Before all the fried chicken connoisseurs go up in arms against me, let me explain. KFC, as commonly known to us, does have good fried chicken … in the Philippines where it is served with rice and gravy. It had always been a treat for me as a child when I visited my Aunt in the big city of Manila – we’d always order a big bucket. Unfortunately, my perceived flavor of Kentucky fried chicken in the U.S. is different; this is apart from the fact that it is not served with rice and gravy, and I’ll never forget the first time I have ordered it and asked for gravy, I was disconcerted when the person behind the counter said: “That’ll be $1.00.”
The KFC I’m referring to in this post is actually Thomas Keller’s Fried Chicken. Heh-he, do I hear a collective sigh of relief? The September issue of Bon Appetit features the very laid-back Thomas Keller donning a denim apron cooking his famous fried chicken that’s been served up in his distinguished restaurant, Ad hoc. I have seen this recipe before in another food magazine last year but the thought of brining in 24 cups of water discouraged me a bit (now if it was duck fat I’ll be all over that.) But after seeing a picture of Keller himself sprinkling the chicken with salt and bits of fried rosemary and thyme – that image simply threw my craving into overdrive.
So on a Thursday night, I announced to the hubby that the weekend would be devoted to the Fried Chicken project. I went through my pantry for the needed spices and I knew I did not have garlic powder or onion powder which I quit using because I always wanted to use fresh versions always but I could see how you would need this in making the coating for the chicken. Besides if the most revered chef in the nation uses them, then so be it. Also for the brine, I decided to use Diamond Crystal instead of my treasured Maldon salt.
The hunt for the 3-lb chicken
A roadblock I ran into was Ellwood Thompson running out of Bell &Evans whole chicken. It’s only Friday for crissakes! How can they be out of whole chickens! I take that back, they had a different brand of whole chicken on display and it was freaking $14.00. I mean, I know that organic chicken was more expensive but does it warrant that price tag? What do they feed the chicken – gold dust?! Adding to my annoyance, the guy behind the meat and seafood counter said in a very unhelpful tone “If it’s not on the display case then we don’t have it.” I was seething, at least be more sympathetic. Didn’t he know how important Fried Chicken weekend was? I returned my bottles of buttermilk and marched out of the store and doubt I’ll ever be coming back – ever.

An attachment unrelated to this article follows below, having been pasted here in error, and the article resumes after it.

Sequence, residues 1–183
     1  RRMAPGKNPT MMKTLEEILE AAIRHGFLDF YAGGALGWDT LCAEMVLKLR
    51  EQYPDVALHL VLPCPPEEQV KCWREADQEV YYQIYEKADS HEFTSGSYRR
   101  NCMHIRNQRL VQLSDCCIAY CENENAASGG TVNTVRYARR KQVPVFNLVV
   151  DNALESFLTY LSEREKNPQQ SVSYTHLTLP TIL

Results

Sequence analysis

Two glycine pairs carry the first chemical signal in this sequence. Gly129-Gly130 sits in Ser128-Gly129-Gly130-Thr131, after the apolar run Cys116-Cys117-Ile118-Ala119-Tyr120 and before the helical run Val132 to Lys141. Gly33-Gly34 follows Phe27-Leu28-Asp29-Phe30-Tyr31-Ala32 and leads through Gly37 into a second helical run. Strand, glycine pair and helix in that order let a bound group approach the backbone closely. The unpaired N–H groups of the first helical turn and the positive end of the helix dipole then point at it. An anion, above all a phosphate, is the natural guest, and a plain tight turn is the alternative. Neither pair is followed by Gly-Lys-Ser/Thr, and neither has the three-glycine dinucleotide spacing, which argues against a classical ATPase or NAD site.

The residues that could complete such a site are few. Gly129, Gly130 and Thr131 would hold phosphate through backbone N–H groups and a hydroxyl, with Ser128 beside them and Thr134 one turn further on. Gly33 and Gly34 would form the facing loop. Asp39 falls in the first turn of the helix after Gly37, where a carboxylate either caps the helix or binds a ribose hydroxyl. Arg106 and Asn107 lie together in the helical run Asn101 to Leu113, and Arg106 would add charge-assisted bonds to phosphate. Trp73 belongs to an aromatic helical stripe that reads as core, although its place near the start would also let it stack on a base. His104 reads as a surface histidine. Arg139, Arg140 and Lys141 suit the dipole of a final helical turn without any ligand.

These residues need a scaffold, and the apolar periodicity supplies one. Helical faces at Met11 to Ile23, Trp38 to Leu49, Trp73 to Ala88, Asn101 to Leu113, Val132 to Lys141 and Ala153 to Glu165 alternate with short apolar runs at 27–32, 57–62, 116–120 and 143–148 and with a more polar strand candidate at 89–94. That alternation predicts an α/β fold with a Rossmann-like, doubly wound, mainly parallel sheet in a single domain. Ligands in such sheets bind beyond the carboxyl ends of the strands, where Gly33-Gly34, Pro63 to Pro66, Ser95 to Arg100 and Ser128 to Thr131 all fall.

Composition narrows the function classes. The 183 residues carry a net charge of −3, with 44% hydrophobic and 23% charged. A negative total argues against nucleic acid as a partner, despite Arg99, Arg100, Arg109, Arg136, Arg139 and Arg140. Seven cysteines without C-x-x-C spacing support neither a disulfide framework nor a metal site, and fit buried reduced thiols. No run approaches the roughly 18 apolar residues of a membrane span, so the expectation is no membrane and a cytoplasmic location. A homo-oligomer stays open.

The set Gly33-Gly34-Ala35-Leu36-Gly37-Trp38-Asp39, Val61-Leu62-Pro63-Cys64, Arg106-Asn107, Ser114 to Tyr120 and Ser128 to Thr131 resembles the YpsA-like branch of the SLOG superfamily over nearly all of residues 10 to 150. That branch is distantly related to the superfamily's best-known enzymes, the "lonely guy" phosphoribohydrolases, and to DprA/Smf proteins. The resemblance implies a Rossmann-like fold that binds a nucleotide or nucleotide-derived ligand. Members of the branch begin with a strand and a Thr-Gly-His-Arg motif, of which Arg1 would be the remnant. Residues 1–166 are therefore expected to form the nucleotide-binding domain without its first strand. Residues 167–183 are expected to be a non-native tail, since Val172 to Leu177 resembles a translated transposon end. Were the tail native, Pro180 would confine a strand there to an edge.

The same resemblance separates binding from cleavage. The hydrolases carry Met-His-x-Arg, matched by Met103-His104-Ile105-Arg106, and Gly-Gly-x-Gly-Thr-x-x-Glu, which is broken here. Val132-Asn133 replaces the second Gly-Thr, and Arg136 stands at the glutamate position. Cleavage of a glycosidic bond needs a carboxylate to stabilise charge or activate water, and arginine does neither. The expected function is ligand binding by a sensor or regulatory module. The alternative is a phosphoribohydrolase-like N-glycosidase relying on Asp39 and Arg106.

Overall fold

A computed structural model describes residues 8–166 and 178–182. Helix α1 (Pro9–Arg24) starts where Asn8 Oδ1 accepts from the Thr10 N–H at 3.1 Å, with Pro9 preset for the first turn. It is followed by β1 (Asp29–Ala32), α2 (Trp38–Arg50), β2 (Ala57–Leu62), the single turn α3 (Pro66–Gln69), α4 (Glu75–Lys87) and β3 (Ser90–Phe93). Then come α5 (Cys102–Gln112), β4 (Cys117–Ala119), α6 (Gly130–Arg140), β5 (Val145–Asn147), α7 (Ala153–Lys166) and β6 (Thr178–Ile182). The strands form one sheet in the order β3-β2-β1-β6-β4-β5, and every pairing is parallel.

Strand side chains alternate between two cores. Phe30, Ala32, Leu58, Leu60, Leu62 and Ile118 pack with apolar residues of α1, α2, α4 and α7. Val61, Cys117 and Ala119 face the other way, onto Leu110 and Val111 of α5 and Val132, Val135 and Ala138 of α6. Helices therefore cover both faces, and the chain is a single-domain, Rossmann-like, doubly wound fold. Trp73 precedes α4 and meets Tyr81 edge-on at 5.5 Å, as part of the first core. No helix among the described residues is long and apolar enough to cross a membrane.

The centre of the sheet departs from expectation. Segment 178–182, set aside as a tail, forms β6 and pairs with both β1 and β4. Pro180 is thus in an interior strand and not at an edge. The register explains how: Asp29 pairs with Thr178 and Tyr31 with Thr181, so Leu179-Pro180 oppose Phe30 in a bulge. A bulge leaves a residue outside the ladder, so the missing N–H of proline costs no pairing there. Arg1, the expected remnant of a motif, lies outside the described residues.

There were other places I have considered. Joe’s market carried Bell & Evans a long time ago as did its sister company Ukrops. But Ukrops have stopped carrying them and replaced it with its own brand (I hate it when supermarkets do that) and I wondered if Joe’s Market did the same. Of course, I could have called but my brain was in a fog that time.
So on Saturday, after a quick run to the seafood store to get some items for dinner, we decided to do our entire grocery shopping at the Fresh Market. I’m not sure if their chicken was organic, it probably had their TFM label, but it was $7.00 a piece and was between 3 and 3.5 lbs which was really what I was after. The “Hungry” Hubby and I “closed our eyes” at the cash register. I guess you pay a price for minimum frustration. All the produce – fruits and vegetables- were beautiful at the Fresh Market!
That afternoon, I prepped the brine. I was making 2 chickens so I adjusted the recipe accordingly. I wish Keller was more specific with the “bunches” of thyme and Italian parsley. That seemed very subjective. Anyway cooking is not like baking anyway, so you can just wing this part.
Sunday was Fried Chicken day. I made cheddar green onion cornbread (recipe coming next post) to go with the fried bird. HH and I were both apprehensive because we had a dismal dinner night before and were wondering if the bad juju would carry through to Sunday. The previous night’s seafood dinner ended up with rubbery grilled squid and a less than stellar Kona Kampachi that was not very fresh. It tasted nothing like the first ones we had tried when it was shipped to us direct from Hawaii. That time we had two fillets. We immediately pan-fried the first one and froze the second. Months later, we had the second fillet and it tasted just as fresh as the first one. We probably need to go to the Yellow Umbrella seafood store immediately when they get their fish in and if it still tastes sub-par then I’m going to quit getting Kona Kampachi from them.
Anyway back to the fried chicken. The first thing I did was retrieve the chicken from the depths of the brine, pat them dry and proceed to cut them up (check out my step-by-step method of cutting up a chicken at the end of this post). I laid the pieces out on a casserole as I prepared the coating which was very straight forward. Coating it was a bit tricky because the flour mixture started to gum up. You need to fluff it repeatedly with a fork.
I let the chicken pieces dry for an hour; in the meantime I measured out my oil and put it in a six-quart pan with a frying thermometer attached. I used all 12-cups of oil because it was correct depth for deep frying in the pan I had.